James Loewen: Criticized by David Horowitz





The following report identifies several academic departments at Pennsylvania State University which openly and regularly violate the academic freedom provisions of the university. These provisions were only recently made applicable to students at Penn State by a resolution of the faculty senate (20.00) in May. The new policy was a response to the Pennsylvania academic freedom hearings and the campaign for academic freedom waged by Students for Academic Freedom and the David Horowitz Freedom Center. The report examines official class syllabi, departmental web pages, and course descriptions and singles out the Penn State Women’s Studies Department for failing to meet academic standards and being a program designed to indoctrinate students in a sectarian ideology, which is expressly forbidden by Penn State's academic freedom policy HR 64....

Introduction to American Studies (University Park Campus)
American Studies 100. Instructor, Melinda P.Wilkins

The course is taught by several instructors, among them M.P. Wilkins, a Senior Lecturer in English at the University Park campus. Wilkins’ syllabus depicts American culture as the expression of a history of uninterrupted brutality and oppression, in which minority groups suffer while their white oppressors write the official story as a narrative of unfolding freedom. This is not atypical of the curricula offered in other American Studies 100 sections. Wilkins is not formally trained in history and only holds an M.A. in English Literature from Virginia Tech, which she received in 1982.

The sole historical text assigned for this course is Jame’s Loewen’s Lies My Teacher Told Me. This book is not a scholarly work, but -- as the title suggests -- a sectarian polemic against the traditional teaching of American history and against what the author views as the black record of the American past. Among other harangues to be found in his text, Loewen laments “[h]ow textbooks misrepresent the U.S. government and omit its participation in state-sponsored terrorism.”

According to Loewen, the lies teachers told him result from facts being “manipulated by elite white male capitalists who orchestrate how history is written.” This answers the course’s instruction to students to determine who is telling the story and who benefits. But it is an extreme and sectarian answer, and is not tempered by a required text with opposing views. Hence it violates Penn State’s academic freedom policy which defines an appropriate academic instruction as training students “to think for themselves” and providing them with “access to those materials which they need if they are to think intelligently.”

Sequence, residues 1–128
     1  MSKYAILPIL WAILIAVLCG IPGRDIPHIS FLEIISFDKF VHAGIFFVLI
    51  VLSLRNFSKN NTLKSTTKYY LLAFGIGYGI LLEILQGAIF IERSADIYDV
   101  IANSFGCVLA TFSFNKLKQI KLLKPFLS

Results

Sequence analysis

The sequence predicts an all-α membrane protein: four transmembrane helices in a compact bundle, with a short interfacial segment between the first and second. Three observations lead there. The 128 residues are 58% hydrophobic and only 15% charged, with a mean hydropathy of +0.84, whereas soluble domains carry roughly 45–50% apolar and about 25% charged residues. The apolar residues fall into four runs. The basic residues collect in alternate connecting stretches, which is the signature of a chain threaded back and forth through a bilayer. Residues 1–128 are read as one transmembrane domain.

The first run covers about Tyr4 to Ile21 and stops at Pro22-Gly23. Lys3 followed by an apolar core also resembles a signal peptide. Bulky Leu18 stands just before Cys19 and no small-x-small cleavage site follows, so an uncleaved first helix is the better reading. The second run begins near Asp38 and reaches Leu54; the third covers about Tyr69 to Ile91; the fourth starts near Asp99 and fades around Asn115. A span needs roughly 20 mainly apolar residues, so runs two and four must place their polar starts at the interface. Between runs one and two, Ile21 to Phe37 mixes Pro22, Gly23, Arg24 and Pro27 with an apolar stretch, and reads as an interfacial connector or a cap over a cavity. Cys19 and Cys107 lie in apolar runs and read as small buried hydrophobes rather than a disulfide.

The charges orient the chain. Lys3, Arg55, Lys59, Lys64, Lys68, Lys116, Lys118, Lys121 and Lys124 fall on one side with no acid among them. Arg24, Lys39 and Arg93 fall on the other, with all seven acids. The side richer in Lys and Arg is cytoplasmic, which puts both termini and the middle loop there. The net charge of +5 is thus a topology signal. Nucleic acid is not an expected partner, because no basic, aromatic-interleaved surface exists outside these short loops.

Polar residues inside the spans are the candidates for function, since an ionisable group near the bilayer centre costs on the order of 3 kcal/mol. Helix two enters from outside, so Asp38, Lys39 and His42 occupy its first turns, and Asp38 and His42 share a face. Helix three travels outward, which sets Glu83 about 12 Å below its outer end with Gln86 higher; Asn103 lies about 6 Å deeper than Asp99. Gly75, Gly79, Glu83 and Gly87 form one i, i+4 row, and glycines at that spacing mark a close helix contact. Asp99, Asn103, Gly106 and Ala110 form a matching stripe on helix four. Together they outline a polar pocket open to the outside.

A typical chapter in Loewen’s required text is called “1493: The True Importance of Christopher Columbus.” Loewen summarizes the achievement of Columbus in these words: “Christopher Columbus introduced two phenomena that revolutionized race relations and transformed the modern world: the taking of land, wealth, and labor from indigenous peoples, leading to their near extermination, and the transatlantic slave trade, which created a racial underclass.”

As an extreme view, Loewen’s amateur text might be a useful subject of analysis and discussion. It is certainly not an accurate view of the historical record, since the taking of land, wealth and labor from indigenous people, leading to their near extermination, was a well-known practice of the Romans, long before Columbus arrived in the Americas. Moreover, the intercontinental slave trade (though not the translatlantic one) long pre-dated Columbus making his role hardly revolutionary as Loewen claims.

But Lowen’s tendentious text is not offered as a text to be examined critically and objectively as a reflection of extreme, uninformed, polemical views. Lies My Teachers Told Me is required as an official classroom guide for students. It is the only assigned historical text for Wilkins’ Introduction to American Studies course and its chapters are assigned in lessons throughout the semester to provide historical background to students as they study cultural artifacts throughout American history. In other words, it is the text designed by the instructor course to introduce students to the facts of American history which are said to underlie its culture. ...

comments powered by Disqus
History News Network